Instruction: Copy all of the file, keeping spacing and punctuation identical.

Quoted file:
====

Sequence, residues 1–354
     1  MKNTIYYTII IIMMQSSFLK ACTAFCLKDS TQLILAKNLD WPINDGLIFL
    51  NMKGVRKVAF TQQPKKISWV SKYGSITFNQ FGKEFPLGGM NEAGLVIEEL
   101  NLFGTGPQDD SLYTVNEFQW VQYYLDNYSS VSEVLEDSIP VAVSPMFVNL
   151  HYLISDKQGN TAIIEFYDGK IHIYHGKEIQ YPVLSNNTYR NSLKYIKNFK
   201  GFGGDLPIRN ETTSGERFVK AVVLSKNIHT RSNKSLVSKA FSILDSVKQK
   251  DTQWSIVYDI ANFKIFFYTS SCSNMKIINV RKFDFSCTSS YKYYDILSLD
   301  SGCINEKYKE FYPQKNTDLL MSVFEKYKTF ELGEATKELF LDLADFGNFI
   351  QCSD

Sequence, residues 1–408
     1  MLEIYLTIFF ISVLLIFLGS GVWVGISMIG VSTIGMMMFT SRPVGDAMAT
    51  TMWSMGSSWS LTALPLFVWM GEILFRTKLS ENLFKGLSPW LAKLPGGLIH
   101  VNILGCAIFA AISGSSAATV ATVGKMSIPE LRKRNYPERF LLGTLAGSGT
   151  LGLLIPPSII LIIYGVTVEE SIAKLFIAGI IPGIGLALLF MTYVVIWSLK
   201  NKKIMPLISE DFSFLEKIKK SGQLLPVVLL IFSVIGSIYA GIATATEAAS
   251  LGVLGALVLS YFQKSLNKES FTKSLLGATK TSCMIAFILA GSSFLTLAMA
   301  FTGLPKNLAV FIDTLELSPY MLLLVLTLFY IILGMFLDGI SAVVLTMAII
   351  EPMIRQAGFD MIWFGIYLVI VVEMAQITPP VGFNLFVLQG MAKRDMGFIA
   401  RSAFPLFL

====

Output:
Sequence, residues 1–354
     1  MKNTIYYTII IIMMQSSFLK ACTAFCLKDS TQLILAKNLD WPINDGLIFL
    51  NMKGVRKVAF TQQPKKISWV SKYGSITFNQ FGKEFPLGGM NEAGLVIEEL
   101  NLFGTGPQDD SLYTVNEFQW VQYYLDNYSS VSEVLEDSIP VAVSPMFVNL
   151  HYLISDKQGN TAIIEFYDGK IHIYHGKEIQ YPVLSNNTYR NSLKYIKNFK
   201  GFGGDLPIRN ETTSGERFVK AVVLSKNIHT RSNKSLVSKA FSILDSVKQK
   251  DTQWSIVYDI ANFKIFFYTS SCSNMKIINV RKFDFSCTSS YKYYDILSLD
   301  SGCINEKYKE FYPQKNTDLL MSVFEKYKTF ELGEATKELF LDLADFGNFI
   351  QCSD

Sequence, residues 1–408
     1  MLEIYLTIFF ISVLLIFLGS GVWVGISMIG VSTIGMMMFT SRPVGDAMAT
    51  TMWSMGSSWS LTALPLFVWM GEILFRTKLS ENLFKGLSPW LAKLPGGLIH
   101  VNILGCAIFA AISGSSAATV ATVGKMSIPE LRKRNYPERF LLGTLAGSGT
   151  LGLLIPPSII LIIYGVTVEE SIAKLFIAGI IPGIGLALLF MTYVVIWSLK
   201  NKKIMPLISE DFSFLEKIKK SGQLLPVVLL IFSVIGSIYA GIATATEAAS
   251  LGVLGALVLS YFQKSLNKES FTKSLLGATK TSCMIAFILA GSSFLTLAMA
   301  FTGLPKNLAV FIDTLELSPY MLLLVLTLFY IILGMFLDGI SAVVLTMAII
   351  EPMIRQAGFD MIWFGIYLVI VVEMAQITPP VGFNLFVLQG MAKRDMGFIA
   401  RSAFPLFL